- Increased competitive advantage: By planning demand and integrating it with the rest of the management and governance processes, you will detect more quickly those components and processes that only entail costs. You will focus all operations on delivering value.
- Improved customer satisfaction: with demand management, companies can anticipate and respond quickly to customer needs and preferences, which will improve the quality of their IT products and services and increase customer satisfaction.
Demand Management challenges
Customer satisfaction and Demand Management are closely interconnected. Users want more and better products in the shortest possible time. This forces organizations to implement processes of Continuous Improvement of their Demand Management Processes in order to address more efficiently all the challenges associated with this process.
These are the most common Demand Management challenges:
- Accurate demand forecasting: in such turbulent times as we live in, with so many changes in user preferences, and with so many external factors influencing the strategic planning of organizations (political, economic, logistical factors, etc.), it is increasingly difficult to predict demand. This makes both demand planning and resource management more difficult. Hence the importance of analyzing and studying changes in demand and trends so that organizations can react and adapt to changes.
- Balancing supply and demand: Related to the previous point, the volatility of demand makes balancing supply and demand increasingly complex. It is important to have a management plan in place so that your supply chain is better prepared to deal with any obstacles that may arise, make any necessary changes and minimize risks.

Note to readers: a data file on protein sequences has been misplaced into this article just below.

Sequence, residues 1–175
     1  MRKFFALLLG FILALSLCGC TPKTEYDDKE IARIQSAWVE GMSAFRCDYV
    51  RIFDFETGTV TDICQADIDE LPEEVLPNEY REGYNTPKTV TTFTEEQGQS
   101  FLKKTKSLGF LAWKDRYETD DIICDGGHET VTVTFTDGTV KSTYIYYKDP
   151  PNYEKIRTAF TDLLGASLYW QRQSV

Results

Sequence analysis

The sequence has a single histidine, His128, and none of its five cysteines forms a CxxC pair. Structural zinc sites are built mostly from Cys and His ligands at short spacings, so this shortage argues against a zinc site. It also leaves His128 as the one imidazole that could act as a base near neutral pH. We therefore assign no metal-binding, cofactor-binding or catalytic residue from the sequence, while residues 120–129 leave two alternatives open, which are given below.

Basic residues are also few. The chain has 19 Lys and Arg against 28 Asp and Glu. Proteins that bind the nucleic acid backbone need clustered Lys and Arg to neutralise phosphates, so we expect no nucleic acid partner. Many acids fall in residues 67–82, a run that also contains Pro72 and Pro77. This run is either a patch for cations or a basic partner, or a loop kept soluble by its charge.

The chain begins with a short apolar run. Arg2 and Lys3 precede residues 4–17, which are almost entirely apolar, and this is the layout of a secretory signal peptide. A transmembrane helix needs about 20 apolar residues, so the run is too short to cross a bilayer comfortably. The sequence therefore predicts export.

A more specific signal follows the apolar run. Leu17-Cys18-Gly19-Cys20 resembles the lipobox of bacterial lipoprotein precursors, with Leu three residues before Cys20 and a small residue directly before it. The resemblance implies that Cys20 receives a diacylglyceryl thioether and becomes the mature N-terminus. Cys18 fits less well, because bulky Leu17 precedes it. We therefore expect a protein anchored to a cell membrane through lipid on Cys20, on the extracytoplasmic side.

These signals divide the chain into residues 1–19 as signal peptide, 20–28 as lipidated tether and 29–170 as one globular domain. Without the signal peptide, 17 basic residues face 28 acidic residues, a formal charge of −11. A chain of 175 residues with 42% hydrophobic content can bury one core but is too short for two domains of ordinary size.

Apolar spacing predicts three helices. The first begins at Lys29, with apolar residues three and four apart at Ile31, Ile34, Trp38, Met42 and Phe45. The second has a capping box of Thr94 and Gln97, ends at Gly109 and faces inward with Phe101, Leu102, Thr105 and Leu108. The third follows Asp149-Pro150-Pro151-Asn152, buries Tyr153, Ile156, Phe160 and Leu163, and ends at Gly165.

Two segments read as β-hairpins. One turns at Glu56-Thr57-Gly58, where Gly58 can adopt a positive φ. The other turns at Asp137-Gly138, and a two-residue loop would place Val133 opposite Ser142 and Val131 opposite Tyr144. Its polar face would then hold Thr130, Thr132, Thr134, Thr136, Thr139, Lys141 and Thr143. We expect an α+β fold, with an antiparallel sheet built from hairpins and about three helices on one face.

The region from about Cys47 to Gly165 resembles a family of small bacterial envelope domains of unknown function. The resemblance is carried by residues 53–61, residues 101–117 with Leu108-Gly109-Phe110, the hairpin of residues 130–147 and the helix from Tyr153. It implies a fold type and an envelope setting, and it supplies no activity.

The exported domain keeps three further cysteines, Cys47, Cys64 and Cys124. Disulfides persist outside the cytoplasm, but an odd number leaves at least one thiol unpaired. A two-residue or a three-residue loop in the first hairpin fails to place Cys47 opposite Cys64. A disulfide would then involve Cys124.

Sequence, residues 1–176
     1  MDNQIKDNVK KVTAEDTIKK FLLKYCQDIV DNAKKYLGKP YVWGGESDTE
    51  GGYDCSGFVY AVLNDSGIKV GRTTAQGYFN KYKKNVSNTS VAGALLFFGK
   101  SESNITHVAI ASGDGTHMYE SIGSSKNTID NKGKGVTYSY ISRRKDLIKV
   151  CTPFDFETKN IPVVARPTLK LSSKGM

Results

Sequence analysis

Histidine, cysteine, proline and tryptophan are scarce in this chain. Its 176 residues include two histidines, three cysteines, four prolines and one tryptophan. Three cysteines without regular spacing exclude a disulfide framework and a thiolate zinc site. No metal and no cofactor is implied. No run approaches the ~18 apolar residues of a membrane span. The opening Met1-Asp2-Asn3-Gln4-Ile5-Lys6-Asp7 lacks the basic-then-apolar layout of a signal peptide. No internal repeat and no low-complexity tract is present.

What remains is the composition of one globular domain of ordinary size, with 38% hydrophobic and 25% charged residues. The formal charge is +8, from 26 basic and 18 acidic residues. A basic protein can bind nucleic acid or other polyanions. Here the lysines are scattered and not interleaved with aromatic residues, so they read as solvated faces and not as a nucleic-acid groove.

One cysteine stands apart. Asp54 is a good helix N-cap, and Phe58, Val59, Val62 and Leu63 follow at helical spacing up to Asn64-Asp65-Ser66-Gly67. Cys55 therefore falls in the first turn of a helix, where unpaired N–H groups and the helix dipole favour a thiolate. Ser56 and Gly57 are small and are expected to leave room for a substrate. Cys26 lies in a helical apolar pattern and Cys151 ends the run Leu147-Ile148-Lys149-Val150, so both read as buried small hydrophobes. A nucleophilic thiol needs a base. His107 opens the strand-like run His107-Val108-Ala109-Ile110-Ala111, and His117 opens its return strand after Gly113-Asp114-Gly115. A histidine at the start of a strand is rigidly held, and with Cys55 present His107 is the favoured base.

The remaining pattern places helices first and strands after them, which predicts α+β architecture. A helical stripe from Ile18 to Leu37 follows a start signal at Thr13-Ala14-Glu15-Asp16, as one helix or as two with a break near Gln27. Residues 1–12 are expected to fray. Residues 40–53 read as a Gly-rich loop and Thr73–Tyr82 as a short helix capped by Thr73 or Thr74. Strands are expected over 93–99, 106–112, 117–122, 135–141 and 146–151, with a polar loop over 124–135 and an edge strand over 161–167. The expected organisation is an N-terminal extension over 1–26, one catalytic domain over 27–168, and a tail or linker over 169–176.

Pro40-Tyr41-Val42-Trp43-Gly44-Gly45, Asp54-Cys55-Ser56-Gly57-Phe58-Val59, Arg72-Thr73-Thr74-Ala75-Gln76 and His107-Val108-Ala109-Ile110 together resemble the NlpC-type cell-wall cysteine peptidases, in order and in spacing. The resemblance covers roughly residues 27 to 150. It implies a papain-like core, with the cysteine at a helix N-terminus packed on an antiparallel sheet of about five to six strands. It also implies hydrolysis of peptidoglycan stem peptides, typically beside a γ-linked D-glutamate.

- Executive and Senior Management commitment: in order for the Demand Management process to be successful, it is necessary to have the strong support of the organization’s executives. They must be committed to the adoption of the process and to the creation of the necessary processes for its correct implementation. Without their support, Demand Management would be disconnected from strategic planning, which in turn would lead to other problems in other areas such as Resource Management, Financial Management, Risk Management, etc.
- The importance of breaking down silos: in addition to implementing the Demand Management process, it is necessary to promote an environment of collaboration between the various teams involved in the process. This will avoid alignment misalignments between strategic planning and demand prioritization, or between demand planning and capacity planning, to mention the 2 most common mistakes. Having a PPM software with features for Strategic Planning and Demand Management will help the process run smoothly.